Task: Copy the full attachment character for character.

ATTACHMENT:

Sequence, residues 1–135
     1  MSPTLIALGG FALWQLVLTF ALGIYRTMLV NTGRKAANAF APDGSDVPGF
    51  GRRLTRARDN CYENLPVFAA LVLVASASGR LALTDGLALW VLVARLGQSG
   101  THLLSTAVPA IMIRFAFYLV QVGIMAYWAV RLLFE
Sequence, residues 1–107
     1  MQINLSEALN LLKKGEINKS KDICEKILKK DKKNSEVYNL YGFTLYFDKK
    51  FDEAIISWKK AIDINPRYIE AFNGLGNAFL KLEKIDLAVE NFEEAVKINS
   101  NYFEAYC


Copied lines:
Sequence, residues 1–135
     1  MSPTLIALGG FALWQLVLTF ALGIYRTMLV NTGRKAANAF APDGSDVPGF
    51  GRRLTRARDN CYENLPVFAA LVLVASASGR LALTDGLALW VLVARLGQSG
   101  THLLSTAVPA IMIRFAFYLV QVGIMAYWAV RLLFE
Sequence, residues 1–107
     1  MQINLSEALN LLKKGEINKS KDICEKILKK DKKNSEVYNL YGFTLYFDKK
    51  FDEAIISWKK AIDINPRYIE AFNGLGNAFL KLEKIDLAVE NFEEAVKINS
   101  NYFEAYC